The Nobel Prize will be announced soon and with that, the pioneers of medical and health care are being praised and recognized with the medical prize. Due to the pandemic, the contribution and hard work of those in the medical field have been the most.
As per the reports, many have a chance to win the prize. An important advancement in Breast cancer, a breakthrough in rheumatology treatments, and also epigenetics, cell adhesion, and antibiotic resistance studies have a good chance at winning.
Given the ongoing pandemic, two individuals are on top this year: Katalin Kariko of Hungary and Drew Weissman of the United States, both important pillars of messenger RNA (mRNA) vaccines and professors at the University of Pennsylvania. Published in 2005, their discoveries are what acted as the base for the development of Pfizer/BioNTech and Moderna vaccines.
Nobel prizes are given to those who have contributed to mankind. Their work helped the people in a great way. This is as per the will of the creator of these prizes, Swedish dynamite inventor Alfred Nobel. As per this, Kariko and Weissman have a great chance of winning.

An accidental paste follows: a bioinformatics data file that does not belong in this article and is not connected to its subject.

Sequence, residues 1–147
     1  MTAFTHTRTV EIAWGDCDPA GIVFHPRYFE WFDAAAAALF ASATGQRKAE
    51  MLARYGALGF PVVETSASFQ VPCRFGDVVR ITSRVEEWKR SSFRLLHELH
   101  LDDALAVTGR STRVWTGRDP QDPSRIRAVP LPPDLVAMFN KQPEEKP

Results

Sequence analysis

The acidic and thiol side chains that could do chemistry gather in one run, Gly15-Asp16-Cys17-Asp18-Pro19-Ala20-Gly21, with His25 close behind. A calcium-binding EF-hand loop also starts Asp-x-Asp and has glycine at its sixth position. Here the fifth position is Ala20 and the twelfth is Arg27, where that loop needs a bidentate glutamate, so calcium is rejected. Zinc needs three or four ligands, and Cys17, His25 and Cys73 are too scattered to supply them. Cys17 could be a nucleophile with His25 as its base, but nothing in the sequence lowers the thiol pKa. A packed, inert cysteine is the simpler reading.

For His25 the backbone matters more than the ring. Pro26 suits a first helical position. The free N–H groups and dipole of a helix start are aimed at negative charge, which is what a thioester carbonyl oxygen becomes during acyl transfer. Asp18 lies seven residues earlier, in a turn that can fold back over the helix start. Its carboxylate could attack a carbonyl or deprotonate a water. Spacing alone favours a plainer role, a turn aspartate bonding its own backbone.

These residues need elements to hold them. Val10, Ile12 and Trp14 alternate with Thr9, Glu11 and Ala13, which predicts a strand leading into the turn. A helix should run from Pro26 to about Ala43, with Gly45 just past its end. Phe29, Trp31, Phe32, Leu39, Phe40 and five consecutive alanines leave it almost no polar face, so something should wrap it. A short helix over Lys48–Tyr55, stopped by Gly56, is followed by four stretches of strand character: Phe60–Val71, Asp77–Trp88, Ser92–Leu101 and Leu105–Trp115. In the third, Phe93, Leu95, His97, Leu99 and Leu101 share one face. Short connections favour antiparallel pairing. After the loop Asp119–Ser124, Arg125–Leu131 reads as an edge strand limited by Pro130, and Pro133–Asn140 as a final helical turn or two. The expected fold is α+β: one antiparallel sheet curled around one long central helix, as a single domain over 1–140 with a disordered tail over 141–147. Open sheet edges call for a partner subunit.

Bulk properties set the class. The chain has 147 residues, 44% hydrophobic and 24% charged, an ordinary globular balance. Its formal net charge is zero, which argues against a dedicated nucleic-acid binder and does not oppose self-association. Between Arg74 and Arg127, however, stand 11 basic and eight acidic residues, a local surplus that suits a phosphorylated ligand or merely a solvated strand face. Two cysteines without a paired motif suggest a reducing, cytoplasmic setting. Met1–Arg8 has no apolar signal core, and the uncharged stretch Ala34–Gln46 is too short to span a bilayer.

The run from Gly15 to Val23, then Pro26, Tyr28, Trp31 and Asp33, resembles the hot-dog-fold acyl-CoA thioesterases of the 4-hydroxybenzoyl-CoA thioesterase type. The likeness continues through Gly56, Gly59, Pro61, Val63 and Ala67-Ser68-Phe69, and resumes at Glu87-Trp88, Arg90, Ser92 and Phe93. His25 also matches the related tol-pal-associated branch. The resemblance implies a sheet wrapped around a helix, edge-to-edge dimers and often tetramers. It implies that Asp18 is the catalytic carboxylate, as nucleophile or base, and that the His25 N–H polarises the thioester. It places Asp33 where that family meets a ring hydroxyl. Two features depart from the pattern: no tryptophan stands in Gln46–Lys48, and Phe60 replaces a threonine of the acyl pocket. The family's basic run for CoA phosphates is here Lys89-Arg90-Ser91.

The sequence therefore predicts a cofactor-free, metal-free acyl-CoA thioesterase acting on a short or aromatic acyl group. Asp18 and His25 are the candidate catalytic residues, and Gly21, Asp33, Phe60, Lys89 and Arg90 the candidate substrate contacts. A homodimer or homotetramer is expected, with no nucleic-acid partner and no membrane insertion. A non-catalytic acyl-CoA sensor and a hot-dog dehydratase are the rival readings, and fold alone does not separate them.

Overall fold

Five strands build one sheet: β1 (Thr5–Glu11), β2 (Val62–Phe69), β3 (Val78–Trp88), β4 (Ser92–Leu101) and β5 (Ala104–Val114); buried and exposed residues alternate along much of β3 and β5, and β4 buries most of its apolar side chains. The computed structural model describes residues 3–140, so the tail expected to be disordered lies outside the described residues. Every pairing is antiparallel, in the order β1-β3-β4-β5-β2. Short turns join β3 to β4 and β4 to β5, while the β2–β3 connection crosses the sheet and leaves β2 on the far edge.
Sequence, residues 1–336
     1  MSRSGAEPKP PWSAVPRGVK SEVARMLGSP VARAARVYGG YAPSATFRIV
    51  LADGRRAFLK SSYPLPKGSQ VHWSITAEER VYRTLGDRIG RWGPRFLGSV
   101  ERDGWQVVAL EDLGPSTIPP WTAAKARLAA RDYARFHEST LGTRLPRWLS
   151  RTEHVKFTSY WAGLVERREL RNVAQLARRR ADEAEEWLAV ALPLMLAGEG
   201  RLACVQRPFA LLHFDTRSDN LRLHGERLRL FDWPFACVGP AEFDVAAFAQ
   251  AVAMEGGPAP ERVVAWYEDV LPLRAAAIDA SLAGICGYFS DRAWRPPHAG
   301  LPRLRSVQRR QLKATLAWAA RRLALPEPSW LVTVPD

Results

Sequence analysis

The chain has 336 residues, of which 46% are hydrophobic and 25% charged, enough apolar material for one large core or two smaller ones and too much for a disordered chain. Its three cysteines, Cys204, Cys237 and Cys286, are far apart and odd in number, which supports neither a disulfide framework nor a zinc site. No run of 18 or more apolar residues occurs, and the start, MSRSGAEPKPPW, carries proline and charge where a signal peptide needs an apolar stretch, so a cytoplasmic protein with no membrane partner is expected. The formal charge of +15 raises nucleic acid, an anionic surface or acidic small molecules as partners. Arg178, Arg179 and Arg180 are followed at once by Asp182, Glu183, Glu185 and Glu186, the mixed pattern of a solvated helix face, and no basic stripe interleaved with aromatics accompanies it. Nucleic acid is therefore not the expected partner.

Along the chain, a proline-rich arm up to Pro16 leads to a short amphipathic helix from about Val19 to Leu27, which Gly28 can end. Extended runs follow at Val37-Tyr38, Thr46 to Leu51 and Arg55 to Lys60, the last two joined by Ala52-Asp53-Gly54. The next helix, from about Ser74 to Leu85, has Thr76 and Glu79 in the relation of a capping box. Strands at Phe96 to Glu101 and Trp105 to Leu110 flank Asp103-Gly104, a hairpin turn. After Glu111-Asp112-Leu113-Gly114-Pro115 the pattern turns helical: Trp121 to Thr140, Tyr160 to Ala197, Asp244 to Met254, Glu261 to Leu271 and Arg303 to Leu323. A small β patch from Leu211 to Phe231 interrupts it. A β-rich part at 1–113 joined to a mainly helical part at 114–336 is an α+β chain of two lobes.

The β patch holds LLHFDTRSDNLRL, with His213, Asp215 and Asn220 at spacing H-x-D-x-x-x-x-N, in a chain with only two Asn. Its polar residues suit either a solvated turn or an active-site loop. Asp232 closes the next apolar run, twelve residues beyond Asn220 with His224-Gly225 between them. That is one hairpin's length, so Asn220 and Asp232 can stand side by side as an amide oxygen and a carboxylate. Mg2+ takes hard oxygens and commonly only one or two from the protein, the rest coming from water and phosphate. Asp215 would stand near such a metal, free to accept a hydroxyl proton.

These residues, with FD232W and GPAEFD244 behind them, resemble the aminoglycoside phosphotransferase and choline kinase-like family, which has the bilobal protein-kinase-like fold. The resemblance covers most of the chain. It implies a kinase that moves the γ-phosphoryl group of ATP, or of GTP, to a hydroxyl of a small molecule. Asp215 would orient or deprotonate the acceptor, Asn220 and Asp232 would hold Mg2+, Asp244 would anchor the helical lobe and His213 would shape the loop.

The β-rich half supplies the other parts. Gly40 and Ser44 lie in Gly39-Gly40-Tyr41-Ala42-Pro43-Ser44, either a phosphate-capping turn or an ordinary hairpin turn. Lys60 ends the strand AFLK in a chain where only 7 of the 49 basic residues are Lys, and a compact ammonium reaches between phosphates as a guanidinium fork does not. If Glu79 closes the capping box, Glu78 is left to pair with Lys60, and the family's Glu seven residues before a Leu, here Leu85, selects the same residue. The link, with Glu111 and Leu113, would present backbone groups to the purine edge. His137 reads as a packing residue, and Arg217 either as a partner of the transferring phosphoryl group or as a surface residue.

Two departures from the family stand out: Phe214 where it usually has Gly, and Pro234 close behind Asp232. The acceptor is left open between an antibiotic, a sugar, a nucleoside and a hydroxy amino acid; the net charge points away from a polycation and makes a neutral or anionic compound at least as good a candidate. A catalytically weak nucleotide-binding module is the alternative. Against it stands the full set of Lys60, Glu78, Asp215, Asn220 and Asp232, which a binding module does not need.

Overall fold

Winners of Nobel Prize in Medicine in the past 5 years.
2020: Harvey Alter and Charles Rice, along with Michael Houghton of the United States, were responsible for the identification of the Hepatitis C virus, which led to the development of sensitive blood tests and antiviral medications.
2019: the US-based William Kaelin and Gregg Semenza, Britain's Peter Ratcliffe were awarded for laying the basis for now how humanity understands the cell reaction and its adaptation to different oxygen levels.
2018: US Immunologist James Allison and Japan’s Tasuku Honjo on the immune system and how it can work to attack the cancer cells better.
2017: Jeffrey Hall, Michael Rosbash, and Michael Young, of United States, for their discoveries on the internal biological clock.
2016: Japan’s Yoshinori Ohsumi for his work on autophagy. This is a process where the cells eat themselves but when disturbed; it can cause Parkinson's disease.